Can Designer Peptides Block Viruses?
Jul 29 2020 Read 464 Times
New research from the Rensselaer Polytechnic Institute (RPI) suggests designer peptides could have the capacity to bind to cells and block viruses. The team investigated the potential of chemically engineered peptides developed in the RPI laboratory, with co-lead author of the study Pankaj Karande saying the findings could help combat some of the most challenging human health issues, including the COVID-19 pandemic.
Developing chemically engineered peptides
When chemically engineered, the peptides can selectively bind to polysialic acid (PSA) carbohydrate polymers, which play an important role in disease progression in human cells. The findings were published in the journal Nature Scientific Reports, with Karande explaining how the study has laid the cornerstone for further research exploring how peptides can be used to develop therapeutic treatments for diseases such as Parkinson's, Alzheimer's and cancer. The study also investigates the potential to form protective barriers between viruses and cells, which could help treat fatal strains such as the SARS-CoV-2 virus.
“Because these peptides bind to PSA, they also mask PSA, and could potentially be used to inhibit the binding of viruses and their entry into cells," says Karande, who works as an associate professor of chemical engineering at RPI. “The idea is to see if these peptides could inhibit that interaction and therefore inhibit the infectivity of those viruses.”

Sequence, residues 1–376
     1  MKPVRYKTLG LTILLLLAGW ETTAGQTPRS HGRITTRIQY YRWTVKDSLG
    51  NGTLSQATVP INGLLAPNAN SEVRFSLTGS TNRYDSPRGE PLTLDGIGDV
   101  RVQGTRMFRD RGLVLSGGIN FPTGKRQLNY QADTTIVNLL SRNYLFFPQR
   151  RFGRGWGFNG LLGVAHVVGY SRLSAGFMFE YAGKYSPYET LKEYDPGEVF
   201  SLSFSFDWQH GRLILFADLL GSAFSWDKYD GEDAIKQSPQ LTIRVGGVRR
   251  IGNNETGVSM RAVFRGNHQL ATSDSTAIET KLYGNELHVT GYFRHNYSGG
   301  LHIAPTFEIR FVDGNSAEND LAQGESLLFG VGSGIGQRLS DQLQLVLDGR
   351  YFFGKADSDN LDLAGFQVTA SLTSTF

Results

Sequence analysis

Drawing inspiration from nature
Karande says the team were inspired by naturally occurring cell surface proteins called Sialic acid-binding immunoglobulin-type lectins. Also known as Siglecs, they actively bind to PSA. Divya Shastry, co-lead author of the study and former doctoral student in biological sciences at RPI says the team worked with researchers at Syracuse University to gain a molecular-level view of the chemically engineered peptides using computational modeling.
“These significant and promising research advances are a prime example of how a collaborative approach can solve persistent human health challenges,” says Deepak Vashishth, director of the Center for Biotechnology and Interdisciplinary Studies (CBIS) at RPI.
In the race to find a vaccine or treatment for SARS-CoV-2, the study contributes exciting new insight into the potential of peptide inhibitors.
State-of-the-art equipment plays a central role in supporting scientific research. To find out more about the latest Dynamic Light Scattering (DLS) technologies used in laboratories around the world, don’t miss ‘Optimising DLS Measurements for Protein Characterisation’ with insight grom Carlo Dessy and Dr. Daniel Seeman on behalf of Testa Analytical Solutions e.K.
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